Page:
Tuesday, December 8, 2020

"The Butterfly Effect"

Rachel Mans McKenny is a writer and humorist from the Midwest, recently published in McSweeney’s Internet Tendency, Electric Lit, The Rumpus, and The New York Times.

She applied the Page 69 Test to The Butterfly Effect, her first novel, and reported the following:
From page 69:
If only she could still be collecting data in the cloud forest. Costa Rica and the resort could have been a sci-fi movie, or maybe her life now was. A parallel universe-- make one choice, and it all went a different way.

When Greta was a teen, there had been a surge of reinterest in the theory of the butterfly effect. Magazines covered it, and experts were interviewed on 60 Minutes. It was a dramatic time-- September 11 and natural disasters. As the theory stated, if a butterfly flaps its wings in Argentina, there's a monsoon in Singapore. She understood the attraction then, and she understood it now-- human beings like to think that everything they do matters.
I am shocked at how well this test works for my book, and honestly, it's funny that it does. This page is the first place that I mention "the butterfly effect" in the entire novel, and it was a part which was added during first round edits of the manuscript when we settled on the title as that name. While refining the novel with my editor, we talked about this sense of predestination or loss of control that Greta, the main character, feels. It's one of her major struggles in the novel to try to live with things as they are instead of wishing they had gone another way.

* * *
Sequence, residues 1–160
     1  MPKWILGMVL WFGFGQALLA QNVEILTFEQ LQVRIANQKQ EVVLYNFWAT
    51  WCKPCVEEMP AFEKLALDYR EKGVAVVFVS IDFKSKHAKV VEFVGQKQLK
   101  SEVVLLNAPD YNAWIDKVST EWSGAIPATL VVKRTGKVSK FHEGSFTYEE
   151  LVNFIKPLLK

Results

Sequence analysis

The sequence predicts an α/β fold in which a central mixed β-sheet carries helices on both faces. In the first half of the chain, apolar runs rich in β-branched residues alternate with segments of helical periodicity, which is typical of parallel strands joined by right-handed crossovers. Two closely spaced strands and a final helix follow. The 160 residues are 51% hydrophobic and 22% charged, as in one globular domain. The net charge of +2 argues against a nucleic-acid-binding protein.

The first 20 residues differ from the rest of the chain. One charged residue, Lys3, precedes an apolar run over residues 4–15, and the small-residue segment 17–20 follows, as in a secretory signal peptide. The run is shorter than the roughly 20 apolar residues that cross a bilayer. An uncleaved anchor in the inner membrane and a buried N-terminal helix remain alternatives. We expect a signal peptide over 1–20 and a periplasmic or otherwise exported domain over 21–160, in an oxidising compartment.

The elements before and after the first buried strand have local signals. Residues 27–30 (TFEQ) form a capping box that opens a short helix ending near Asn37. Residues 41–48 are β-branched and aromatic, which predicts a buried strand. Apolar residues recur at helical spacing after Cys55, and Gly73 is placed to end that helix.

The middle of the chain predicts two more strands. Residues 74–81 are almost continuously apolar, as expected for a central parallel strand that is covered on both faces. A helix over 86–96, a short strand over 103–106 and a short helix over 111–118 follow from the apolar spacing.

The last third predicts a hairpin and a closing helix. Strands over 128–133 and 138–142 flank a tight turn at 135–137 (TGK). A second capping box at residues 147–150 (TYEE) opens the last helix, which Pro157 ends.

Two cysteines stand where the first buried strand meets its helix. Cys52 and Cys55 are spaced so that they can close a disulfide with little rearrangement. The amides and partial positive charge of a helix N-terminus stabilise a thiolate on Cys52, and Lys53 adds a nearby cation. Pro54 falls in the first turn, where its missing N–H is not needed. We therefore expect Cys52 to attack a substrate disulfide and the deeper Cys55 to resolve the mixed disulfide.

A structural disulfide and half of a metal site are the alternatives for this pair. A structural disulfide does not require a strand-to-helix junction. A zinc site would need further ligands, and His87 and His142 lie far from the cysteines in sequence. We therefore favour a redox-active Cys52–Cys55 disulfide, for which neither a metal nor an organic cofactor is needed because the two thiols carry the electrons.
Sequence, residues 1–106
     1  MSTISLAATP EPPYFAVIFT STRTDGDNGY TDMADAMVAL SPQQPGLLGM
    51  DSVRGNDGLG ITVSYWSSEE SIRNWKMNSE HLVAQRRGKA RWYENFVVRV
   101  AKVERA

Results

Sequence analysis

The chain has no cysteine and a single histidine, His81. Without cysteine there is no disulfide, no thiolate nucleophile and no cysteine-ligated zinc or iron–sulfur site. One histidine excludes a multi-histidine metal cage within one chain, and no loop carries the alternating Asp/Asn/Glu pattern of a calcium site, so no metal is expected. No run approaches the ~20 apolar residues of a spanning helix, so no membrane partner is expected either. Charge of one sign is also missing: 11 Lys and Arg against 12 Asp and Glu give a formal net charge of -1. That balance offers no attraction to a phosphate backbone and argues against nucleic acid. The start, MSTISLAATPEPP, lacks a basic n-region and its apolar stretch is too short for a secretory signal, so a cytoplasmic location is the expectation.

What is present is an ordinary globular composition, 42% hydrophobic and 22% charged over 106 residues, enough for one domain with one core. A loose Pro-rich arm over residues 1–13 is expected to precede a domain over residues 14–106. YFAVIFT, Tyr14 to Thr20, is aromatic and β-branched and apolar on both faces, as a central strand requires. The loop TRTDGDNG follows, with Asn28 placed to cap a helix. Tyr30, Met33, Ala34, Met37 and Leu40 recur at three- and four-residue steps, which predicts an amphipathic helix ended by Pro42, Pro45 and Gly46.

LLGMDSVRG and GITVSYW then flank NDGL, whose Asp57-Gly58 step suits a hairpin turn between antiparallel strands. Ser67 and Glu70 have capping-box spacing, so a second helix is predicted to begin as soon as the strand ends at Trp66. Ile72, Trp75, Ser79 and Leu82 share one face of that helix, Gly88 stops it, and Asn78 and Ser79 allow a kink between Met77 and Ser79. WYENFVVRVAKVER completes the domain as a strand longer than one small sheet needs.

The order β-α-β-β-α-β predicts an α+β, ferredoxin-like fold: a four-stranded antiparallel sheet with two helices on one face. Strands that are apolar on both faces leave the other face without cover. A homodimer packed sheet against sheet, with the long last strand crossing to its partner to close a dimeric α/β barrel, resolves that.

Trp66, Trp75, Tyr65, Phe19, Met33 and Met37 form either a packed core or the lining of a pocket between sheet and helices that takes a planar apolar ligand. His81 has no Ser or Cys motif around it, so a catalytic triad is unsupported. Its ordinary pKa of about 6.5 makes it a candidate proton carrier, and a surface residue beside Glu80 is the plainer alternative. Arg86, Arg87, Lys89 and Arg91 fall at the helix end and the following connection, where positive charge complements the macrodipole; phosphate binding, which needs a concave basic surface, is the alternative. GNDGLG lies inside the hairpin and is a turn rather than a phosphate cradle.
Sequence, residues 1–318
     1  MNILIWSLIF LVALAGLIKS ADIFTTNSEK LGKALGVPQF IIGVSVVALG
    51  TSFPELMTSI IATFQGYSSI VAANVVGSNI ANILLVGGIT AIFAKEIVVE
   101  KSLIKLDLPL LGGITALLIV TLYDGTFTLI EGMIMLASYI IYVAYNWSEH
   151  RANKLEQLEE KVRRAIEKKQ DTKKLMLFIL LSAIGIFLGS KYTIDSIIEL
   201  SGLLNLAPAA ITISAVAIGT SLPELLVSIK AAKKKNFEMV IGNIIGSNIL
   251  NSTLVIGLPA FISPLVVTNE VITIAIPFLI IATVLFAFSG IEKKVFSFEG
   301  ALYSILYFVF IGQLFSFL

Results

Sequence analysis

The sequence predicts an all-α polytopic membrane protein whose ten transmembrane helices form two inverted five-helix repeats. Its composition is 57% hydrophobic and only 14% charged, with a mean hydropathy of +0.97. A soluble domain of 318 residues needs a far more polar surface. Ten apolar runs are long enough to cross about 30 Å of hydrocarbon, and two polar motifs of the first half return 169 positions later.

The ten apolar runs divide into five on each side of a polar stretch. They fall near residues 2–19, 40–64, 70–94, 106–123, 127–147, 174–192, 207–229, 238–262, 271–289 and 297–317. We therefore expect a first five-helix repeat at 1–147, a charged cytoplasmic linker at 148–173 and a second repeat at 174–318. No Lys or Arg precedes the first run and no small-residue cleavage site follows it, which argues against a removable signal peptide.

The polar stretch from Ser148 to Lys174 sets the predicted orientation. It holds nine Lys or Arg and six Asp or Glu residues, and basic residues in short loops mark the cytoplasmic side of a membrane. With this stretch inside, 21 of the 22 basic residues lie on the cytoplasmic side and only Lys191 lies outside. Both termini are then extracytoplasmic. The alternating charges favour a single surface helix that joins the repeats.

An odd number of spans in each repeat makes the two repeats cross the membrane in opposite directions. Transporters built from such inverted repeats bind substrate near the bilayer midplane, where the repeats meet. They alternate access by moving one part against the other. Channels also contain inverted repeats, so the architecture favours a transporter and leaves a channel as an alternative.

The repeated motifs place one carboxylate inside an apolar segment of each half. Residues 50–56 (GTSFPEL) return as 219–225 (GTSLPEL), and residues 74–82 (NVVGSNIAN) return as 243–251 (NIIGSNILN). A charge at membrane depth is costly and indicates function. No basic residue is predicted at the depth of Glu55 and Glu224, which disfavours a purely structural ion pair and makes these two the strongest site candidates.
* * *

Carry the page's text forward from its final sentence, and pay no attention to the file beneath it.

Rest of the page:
This struggle of hoping that our actions have an impact-- but not too much of one-- is a real human impulse that many of us identify with. We want to be remembered, but for the right things. We want to make a difference in someone's life, as long as it's a good one. But ultimately, we're not in control of how others see us-- and most of the characters in my novel (along with the readers of the novel) might think of Greta as "unlikeable" at first glance. Hopefully by the end of the book, readers (like the characters in the book), come to understand Greta's motives as she comes to understand herself better. She realizes the actions she can take to help, not hurt; to rebuild rather than tear down. The Butterfly Effect is an ultimately hopeful story that ultimately, I hope, will make a difference in people's lives.
Visit Rachel Mans McKenny's website.

--Marshal Zeringue